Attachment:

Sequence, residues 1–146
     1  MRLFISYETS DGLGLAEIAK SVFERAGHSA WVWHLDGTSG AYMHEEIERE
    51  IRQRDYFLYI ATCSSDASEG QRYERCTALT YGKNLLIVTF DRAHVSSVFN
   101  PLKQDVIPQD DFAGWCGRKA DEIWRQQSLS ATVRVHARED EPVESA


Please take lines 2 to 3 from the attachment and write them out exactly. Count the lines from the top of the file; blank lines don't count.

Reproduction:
     1  MRLFISYETS DGLGLAEIAK SVFERAGHSA WVWHLDGTSG AYMHEEIERE
    51  IRQRDYFLYI ATCSSDASEG QRYERCTALT YGKNLLIVTF DRAHVSSVFN